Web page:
Professor Christa Laser is currently ranked in the top ten percent of all authors on SSRN for downloads in the past 12 months. SSRN, the Social Science Research Network, is a repository for preprints devoted to the rapid dissemination of scholarly research in the social sciences and humanities.
Professor Heidi Gorovitz Robertson recently published Strategies and Techniques for Teaching Environmental Law. The book is part of a Wolters Kluwer law book publishing series on law teaching. The series intends to provide insight and information for new law teachers generally and for seasoned law professors new to individual subject areas. The original book in the series was the general guide to law school teaching for new (or not so new) law faculty by Cleveland-Marshall Professor Kevin O’Neill and Legal Educator-in-Residence Howard Katz (who also serves as series editor).
In addition to the new volume on environmental law, the Strategies and Techniques series includes books on teaching civil procedure, constitutional law, contracts, criminal law, property, torts, administrative law, evidence, criminal procedure, professional responsibility, family law. It also includes guides to teaching legal writing, academic success, and on integrating diversity and inclusion into core law school courses. Law professors can access and download the individual books in the series at: https://www.wklegaledu.com/resources/law-school-faculty/law-school-faculty.
Professor Robertson was selected to produce the volume on environmental law based both on her 1999 Columbia Environmental Law Review article “Methods for Teaching Environmental Law: Some Thoughts on Teaching Law Students to Practice” and her 25 years of experience in the field.
Professor Milena Sterio has been selected, from a competitive call for papers, to contribute a chapter to the book project, “Reimagining Judging in Interntational Criminal Courts: A Gendered Approach.” The project is run by Professors Louise Chappell (UNSW Sydney, Australia), Rosemary Grey (University of Sydney), and Dr. Kasey McLoughlin (University of Newcastle, UK). Professor Sterio will contribute a chapter titled “The ICC Ongwen Sentencing Judgment Through a Feminist Lens.” Professor Sterio’s chapter will re-write the ICC’s Ongwen case sentencing judgment from a feminist perspective. Dominic Ongwen was a Lord’s Resistance Army senior leader in Uganda, and was recently sentenced by the ICC for various charges of crimes against humanity and war crimes.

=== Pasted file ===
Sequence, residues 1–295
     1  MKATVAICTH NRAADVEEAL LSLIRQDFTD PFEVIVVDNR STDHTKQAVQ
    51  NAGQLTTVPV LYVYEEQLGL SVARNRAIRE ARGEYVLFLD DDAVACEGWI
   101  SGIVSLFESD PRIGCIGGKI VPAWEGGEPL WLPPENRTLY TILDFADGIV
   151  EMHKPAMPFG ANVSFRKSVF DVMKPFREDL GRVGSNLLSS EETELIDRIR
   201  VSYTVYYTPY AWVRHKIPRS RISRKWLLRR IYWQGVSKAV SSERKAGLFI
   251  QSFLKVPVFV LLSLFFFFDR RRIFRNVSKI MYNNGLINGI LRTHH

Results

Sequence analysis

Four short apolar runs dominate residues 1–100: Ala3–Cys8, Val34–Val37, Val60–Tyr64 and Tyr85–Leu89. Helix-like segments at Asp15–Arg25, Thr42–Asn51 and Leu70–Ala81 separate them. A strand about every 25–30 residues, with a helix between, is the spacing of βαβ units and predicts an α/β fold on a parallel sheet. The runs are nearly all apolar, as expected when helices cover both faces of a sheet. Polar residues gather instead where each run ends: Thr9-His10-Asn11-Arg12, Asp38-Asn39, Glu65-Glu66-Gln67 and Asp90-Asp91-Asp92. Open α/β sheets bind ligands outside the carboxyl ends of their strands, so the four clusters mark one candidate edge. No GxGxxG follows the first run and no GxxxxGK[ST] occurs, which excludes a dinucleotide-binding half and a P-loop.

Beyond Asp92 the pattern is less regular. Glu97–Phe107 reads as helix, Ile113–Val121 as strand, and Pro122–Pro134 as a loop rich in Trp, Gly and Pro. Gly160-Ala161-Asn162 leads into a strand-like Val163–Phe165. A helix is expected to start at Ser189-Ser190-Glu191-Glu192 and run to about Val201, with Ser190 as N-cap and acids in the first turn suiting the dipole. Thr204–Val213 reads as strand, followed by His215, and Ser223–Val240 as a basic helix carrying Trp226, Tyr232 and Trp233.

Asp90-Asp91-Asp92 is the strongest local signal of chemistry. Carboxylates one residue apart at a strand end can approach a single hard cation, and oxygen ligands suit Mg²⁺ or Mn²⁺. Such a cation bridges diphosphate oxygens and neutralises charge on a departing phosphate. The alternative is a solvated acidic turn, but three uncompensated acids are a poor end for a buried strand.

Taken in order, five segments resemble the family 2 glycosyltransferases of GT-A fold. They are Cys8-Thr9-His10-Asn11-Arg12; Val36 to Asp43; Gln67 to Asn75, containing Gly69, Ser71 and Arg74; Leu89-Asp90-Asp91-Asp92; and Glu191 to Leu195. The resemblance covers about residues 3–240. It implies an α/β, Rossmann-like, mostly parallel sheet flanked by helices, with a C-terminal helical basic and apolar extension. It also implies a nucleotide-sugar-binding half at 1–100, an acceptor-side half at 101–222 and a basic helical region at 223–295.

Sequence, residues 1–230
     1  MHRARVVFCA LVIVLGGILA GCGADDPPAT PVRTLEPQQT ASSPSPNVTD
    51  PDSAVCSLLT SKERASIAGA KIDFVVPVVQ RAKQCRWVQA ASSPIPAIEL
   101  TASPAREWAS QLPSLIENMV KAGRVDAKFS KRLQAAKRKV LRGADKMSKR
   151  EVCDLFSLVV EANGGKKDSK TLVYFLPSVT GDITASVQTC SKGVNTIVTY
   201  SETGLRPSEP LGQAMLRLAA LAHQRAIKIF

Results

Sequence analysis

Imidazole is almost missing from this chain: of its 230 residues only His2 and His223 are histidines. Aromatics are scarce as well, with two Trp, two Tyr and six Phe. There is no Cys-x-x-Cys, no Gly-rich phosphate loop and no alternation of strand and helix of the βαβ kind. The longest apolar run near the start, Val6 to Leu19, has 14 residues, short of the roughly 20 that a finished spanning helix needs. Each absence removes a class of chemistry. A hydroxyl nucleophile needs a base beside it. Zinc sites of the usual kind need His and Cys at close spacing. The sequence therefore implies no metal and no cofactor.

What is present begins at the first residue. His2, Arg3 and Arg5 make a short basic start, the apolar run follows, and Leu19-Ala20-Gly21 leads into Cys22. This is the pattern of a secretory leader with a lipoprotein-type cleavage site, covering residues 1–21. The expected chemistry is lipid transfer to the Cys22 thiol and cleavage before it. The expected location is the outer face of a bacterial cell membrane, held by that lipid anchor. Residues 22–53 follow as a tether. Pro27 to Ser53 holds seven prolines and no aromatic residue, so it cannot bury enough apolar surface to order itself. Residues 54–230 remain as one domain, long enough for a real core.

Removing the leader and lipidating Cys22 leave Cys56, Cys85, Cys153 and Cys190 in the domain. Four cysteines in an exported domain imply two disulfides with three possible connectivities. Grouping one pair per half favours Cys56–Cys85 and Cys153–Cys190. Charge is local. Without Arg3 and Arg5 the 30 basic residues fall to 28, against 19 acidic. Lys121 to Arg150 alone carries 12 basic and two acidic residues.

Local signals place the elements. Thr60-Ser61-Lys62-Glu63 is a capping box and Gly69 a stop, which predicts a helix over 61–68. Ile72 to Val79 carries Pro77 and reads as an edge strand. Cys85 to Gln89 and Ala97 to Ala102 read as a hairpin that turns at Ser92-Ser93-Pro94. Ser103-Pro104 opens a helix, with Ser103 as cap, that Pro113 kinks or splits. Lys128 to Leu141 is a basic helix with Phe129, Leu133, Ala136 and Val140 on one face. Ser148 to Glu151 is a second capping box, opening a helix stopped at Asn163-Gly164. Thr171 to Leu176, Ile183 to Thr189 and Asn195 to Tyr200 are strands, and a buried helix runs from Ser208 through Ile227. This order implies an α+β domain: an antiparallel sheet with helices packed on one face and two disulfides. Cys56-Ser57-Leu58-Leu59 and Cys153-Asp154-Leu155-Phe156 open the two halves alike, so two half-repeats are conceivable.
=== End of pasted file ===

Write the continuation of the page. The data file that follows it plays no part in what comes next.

Information about the project is available here.
Professor Sterio moderated a panel discussion on June 28 convened by the International Criminal Court Moot Court competition organizers. The panel centered around developing the ICC Moot Court problem and was attended by existing and future moot court judges, lawyers, and students. The panel discussion was hosted by Leiden University Law School (in the Netherlands).
Professor Sterio also moderated a panel discussion on June 17 entitled “Practicing and Teaching Law in the New Normal.” This panel discussion was convened by the International Bar Association and centered around issues regarding the practice of international law and international criminal law during the pandemic. Panelists included Professor Carsten Stahn (Leiden University, The Netherlands), Fabricio Guariglia, Office of the Prosecutor, International Criminal Court, and Annalisa Reale, Chiomenti (Italian law firm).
Professor Sterio contributed a book review (by invitation) to the Israel Law Review (a peer-reviewed journal published by Cambridge University Press). Professor Sterio reviewed a recent book by Professor Timothy William Waters, “Boxing Pandora: Rethinking Borders, States, and Secession in a Democratic World.”
Professor Christa Laser was featured in an extended interview on Cleveland 19 News to discuss the trademark issues involved in the new “Guardians” name selected by the Cleveland baseball team. Potential trademark problems have arisen due to the fact that there is a Cleveland roller derby team called the Cleveland Guardians.
Professor Laser explained that “both sides are trying to position themselves to get the trademark for this Cleveland Guardians trademark.” She observed that the trademark issue will ultimately come down to the question of “which company has the first bona fide use?”
The full interview can be viewed here.
Professor Mark Sundahl has published an op-ed in SPACE NEWS titled “The Success of Artemis Hinges on NASA’s Commitment to Competition.” Professor Sundahl argues that NASA should not rely solely on one company to implement the Human Landing System (HLS), but should grant a second award for the HLS program to ensure ongoing healthy competition. He states, “Our capitalist system, defined by healthy competition, is the greatest advantage that the United States has as other countries, including China and Russia, jostle in space for geopolitical supremacy.”
Professor Sundahl is the director of C|M|LAW’s Global Space Law Center.